The Inclusion Desk is a multi-platform reporting effort by WXXI News to inform and transform attitudes and behavior about inclusion. The Inclusion Desk grew from the Move to Include partnership between WXXI and the Golisano Foundation. Through programming and special events, WXXI and the Golisano Foundation look to build a more inclusive community by inspiring and motivating people to embrace different abilities and include all people in every aspect of community life.
Katrina Busch is a spokesperson for the event, and she says it allows anyone to go before a video camera, and lip sync to one of the available songs.
"We videotape it, we upload it to the Autism Up YouTube channel and then we ask people to go there and share it with their friends , and Twitter or Facebook , anywhere that they want, to really increase the exposure and get other people out here to do the challenge."
We’re talking about neurodiversity in the workplace. Between 60 and 70 percent of people living with autism in America are unemployed. We’ll touch base with families who are working to support people with autism and look at local programs aimed at getting people on the spectrum into meaningful employment. We’ll also speak with a former director of the California State Labor Department about the Autism Job Club and six strategies that could reshape employment for adults with autism.
Between 60 – 70 percent of people living with autism in America are unemployed, And we’ll touch base with families who are working to support people with autism and look at local programs aimed at getting people on the spectrum into meaningful employment. We’ll also speak with a former director of the California State Labor Department, Michael Bernick about the Autism Job Club and six strategies that could reshape employment for adults with autism.
One man is on a mission to heal, and he’s doing it by empowering physical therapists with the unique tool of magic.
After a serious car crash years ago, illusionist Kevin Spencer ended up in neurological intensive care with brain and spinal cord injuries. He spent nearly a year in physical therapy and grew tired of the repetitive process that wasn’t working quickly enough. It was then that Spencer realized the movements required to do the simple magic tricks he learned as a child, were the same kinds of movements that he was doing in traditional forms of therapy. He soon after developed the Healing of Magic program, and has been teaching the skills to occupational therapists across the globe.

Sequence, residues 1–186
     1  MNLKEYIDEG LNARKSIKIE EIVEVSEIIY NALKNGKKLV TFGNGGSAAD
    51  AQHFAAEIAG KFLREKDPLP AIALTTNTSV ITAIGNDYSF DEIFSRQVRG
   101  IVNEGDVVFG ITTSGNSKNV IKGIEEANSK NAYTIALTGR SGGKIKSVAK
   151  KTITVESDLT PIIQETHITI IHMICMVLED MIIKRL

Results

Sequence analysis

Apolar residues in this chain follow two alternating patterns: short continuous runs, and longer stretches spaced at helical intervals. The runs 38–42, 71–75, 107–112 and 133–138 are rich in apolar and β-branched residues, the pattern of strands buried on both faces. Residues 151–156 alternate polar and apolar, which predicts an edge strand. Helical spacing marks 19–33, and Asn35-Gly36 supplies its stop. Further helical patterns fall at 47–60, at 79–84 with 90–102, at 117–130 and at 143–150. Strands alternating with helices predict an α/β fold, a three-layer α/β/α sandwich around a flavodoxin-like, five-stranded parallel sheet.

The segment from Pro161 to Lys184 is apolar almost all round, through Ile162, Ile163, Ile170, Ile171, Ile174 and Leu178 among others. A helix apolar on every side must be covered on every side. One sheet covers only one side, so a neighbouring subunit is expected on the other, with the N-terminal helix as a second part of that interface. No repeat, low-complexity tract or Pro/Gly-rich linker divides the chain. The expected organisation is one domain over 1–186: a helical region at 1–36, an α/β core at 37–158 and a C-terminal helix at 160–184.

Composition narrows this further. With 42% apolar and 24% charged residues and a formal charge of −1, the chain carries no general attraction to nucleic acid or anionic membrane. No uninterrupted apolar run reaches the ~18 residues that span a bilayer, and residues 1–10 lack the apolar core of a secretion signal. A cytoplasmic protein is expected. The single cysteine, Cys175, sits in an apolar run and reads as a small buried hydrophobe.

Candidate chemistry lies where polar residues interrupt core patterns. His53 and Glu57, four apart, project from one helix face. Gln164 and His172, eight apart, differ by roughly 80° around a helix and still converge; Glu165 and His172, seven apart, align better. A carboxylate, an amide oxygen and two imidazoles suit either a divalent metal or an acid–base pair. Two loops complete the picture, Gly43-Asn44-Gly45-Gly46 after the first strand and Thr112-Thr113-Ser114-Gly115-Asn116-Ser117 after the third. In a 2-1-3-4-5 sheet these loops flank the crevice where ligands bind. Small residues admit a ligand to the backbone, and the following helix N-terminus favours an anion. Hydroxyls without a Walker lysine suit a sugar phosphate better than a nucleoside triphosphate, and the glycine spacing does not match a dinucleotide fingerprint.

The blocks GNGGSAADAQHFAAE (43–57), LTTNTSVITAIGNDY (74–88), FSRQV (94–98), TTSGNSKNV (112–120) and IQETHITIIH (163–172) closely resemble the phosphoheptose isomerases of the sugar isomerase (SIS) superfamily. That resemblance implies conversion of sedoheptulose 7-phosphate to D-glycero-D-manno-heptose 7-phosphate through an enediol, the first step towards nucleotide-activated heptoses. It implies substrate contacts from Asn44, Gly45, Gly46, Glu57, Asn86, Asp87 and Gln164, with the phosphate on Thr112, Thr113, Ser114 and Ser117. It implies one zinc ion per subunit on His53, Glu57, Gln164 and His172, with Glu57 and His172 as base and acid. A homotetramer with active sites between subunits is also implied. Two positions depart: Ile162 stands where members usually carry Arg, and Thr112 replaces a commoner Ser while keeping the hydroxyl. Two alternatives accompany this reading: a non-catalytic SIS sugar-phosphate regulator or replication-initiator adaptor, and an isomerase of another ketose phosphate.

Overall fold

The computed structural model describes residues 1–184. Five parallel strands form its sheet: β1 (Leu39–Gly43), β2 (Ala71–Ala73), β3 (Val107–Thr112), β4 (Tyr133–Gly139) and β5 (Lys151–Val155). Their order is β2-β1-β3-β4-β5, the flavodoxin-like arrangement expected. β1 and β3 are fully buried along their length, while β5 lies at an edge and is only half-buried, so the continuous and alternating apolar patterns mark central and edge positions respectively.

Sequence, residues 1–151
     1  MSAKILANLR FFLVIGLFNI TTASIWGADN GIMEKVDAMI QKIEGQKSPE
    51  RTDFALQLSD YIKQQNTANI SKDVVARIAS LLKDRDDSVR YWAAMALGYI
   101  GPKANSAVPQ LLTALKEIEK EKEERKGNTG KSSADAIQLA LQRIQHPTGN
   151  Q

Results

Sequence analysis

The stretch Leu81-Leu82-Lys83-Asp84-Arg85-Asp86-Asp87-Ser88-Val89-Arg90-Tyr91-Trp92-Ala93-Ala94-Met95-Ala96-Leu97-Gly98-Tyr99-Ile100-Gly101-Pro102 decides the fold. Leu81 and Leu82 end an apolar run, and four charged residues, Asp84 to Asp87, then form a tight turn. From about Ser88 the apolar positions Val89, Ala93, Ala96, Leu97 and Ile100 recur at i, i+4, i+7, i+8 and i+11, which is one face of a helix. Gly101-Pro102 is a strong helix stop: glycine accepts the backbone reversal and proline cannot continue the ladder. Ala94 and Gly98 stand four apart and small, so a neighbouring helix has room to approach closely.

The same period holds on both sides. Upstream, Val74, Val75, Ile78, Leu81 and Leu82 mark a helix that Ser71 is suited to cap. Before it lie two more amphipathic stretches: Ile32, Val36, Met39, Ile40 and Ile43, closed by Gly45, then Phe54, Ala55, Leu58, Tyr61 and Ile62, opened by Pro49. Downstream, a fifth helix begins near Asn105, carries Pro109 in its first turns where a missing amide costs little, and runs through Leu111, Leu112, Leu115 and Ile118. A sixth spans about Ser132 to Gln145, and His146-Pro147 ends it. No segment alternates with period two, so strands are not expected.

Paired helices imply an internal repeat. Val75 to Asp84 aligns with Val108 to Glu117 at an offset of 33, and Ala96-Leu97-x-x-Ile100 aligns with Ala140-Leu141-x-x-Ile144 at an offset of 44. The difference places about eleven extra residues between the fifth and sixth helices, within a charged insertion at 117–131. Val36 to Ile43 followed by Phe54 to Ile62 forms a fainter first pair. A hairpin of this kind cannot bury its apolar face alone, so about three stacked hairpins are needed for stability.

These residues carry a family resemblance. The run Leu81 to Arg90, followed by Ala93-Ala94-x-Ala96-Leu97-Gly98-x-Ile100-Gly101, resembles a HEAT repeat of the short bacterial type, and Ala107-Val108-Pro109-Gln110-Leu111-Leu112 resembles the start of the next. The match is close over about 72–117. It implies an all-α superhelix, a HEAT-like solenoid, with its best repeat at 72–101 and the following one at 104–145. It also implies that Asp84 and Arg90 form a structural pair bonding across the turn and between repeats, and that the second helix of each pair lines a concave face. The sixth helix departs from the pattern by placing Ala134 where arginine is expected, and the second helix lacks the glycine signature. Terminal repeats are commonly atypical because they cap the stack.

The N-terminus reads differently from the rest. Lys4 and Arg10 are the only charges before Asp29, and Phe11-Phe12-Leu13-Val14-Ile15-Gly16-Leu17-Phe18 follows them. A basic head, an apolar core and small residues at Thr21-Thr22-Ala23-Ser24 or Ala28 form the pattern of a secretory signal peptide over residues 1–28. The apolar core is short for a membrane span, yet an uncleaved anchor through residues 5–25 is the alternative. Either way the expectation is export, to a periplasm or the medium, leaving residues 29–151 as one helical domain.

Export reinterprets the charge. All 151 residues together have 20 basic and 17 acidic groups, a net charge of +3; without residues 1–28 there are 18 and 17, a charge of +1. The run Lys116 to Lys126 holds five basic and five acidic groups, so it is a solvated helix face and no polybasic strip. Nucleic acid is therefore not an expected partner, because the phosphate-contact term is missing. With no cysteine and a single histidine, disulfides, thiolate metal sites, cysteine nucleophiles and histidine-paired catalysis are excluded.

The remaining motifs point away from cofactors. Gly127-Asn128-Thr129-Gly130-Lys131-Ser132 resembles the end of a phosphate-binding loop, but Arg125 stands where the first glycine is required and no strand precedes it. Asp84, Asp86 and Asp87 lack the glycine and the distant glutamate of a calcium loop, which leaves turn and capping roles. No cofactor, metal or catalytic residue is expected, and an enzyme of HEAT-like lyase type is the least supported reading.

Authors Judy Jonas and Marla Berkowitz share what they call pioneering work with Need to Know host Hélène Biandudi Hofer. Their book, Deaf and Hearing Siblings in Conversation, researches the unique dynamic between adult deaf and hearing siblings. This segment is the conclusion of a two-part interview on Need to Know. Jonas and Berkowitz explain how blending deaf culture and the hearing world takes an entire family unit – as does a commitment by all family members to learn how to sign.
Many families with children with autism describe leaving high school as a ‘falling off a cliff’ - because of the lack of services when they become adults. Add to that, a complicated and intimidating job hunt. Despite the obstacles that people with autism face trying to find work, a new, dedicated job fair in Rochester, New York may be the first step to help that community find employment.
The Opportunity Project is a documentary film series focusing on the inclusion of students with intellectual disabilities.
We're talking about The Opportunity Project, a documentary film series that focuses on inclusion of students with intellectual disabilities in higher education. The films will screen on this coming Monday, May 4, at The Little Theatre. Our guests:
A promising new study, conducted partly in Rochester, may give hope to the parents of autistic children.
The research looked at ways a training program could help parents and other caregivers reduce problem behaviors in kids on the autism spectrum.
Local lead researcher Tristam Smith, Ph.D., of the University of Rochester says the 24-week course resulted in a more than 47-percent reduction in tantrums, aggression and self-injury in children between the ages of 3 and 6.
We preview Imagine RIT Innovation and Creativity Festival. 2015 marks the eighth year for Imagine, with an annual draw of around 30,000 visitors. In studio:
Barry Culhane, chairman of the event David Amata, building a game to teach young children how to read Katie Tigue, associate producer of a game called Splattershmup Dan Phillips, working with students on a dual-purpose wheelchair-platform swing Erik Lydick, working on a robotic seeing-eye dog Adam Podolec, working on a soft-ankle foot orthotic to help people with dropped foot Jonathon Greene, working on a device to allow young children with disabilities to move independently